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Should I consider them as a cylinder to find their inertia? Any tips will be helpful.

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  • $\begingroup$ Draw a 3D model and get it to work it out. See OnShape for a superb 3D CAD system that runs in your browser and is free to use if your designs are public. $\endgroup$
    – Transistor
    Sep 17 '19 at 17:53
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I assume you mean the worm, not the worm gear, but I'll append a note about doing the worm gear at the end.

  1. Actually do the integral; if nothing else, it'll justify all those math courses.
  2. Do the 3-D route (ick!)
  3. Model (on paper) the worm as a stack of disks of alternating diameters; half of them with diameter equal to the worm's minor diameter, and half with diameter equal to the worm's major diameter. Then look up the moment of inertia of each of your modeled disks in a table, then finally multiply by the number of each size of disk. This will slightly overestimate the moment of inertia, which probably isn't a bad thing.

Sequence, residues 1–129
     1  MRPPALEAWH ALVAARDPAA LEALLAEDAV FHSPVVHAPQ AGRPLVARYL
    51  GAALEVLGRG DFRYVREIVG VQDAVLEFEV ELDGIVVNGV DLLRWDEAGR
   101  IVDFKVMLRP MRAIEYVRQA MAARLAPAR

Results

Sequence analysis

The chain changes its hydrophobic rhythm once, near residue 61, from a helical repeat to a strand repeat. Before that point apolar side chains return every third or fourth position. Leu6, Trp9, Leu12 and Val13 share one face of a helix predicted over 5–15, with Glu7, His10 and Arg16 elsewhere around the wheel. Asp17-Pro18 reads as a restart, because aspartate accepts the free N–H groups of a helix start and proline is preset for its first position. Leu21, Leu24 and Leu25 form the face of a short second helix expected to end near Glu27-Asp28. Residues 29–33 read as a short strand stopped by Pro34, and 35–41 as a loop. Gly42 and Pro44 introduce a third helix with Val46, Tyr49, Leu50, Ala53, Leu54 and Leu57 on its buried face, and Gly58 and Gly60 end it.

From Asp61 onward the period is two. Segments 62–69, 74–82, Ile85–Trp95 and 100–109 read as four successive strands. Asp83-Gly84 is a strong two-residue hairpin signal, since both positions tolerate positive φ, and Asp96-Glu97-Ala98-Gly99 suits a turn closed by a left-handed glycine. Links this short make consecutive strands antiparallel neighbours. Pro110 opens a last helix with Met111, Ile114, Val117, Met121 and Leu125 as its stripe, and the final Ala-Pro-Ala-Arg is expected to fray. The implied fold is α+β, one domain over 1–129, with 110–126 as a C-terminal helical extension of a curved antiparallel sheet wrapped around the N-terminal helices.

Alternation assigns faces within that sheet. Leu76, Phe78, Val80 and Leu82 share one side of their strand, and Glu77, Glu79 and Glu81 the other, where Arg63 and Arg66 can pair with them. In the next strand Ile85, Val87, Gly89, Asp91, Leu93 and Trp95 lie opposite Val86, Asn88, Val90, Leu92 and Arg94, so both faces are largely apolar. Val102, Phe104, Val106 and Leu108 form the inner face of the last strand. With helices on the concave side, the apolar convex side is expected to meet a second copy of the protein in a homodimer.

If you really mean worm gear, then model two pieces; one a disk with diameter equal to the minor diameter (i.e. from trough to trough on the gear) with density equal to your worm gear material; the other as a shell with ID equal to the gear minor diameter and OD equal to the gear major diameter, and density equal to half the gear's material density.

Again, it'll overestimate the moment of inertia, but again, that's probably not a bad thing.

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The thread's mass is half of the mass of a cylinder with a thickness of the difference between inner and outer. It's CG is 1/3 out from inner circle. 1/3*1/2= 1/6.

If you calculate the I of a cylinder with a radius R = r inner + 1/6 thread depth, you're fine.

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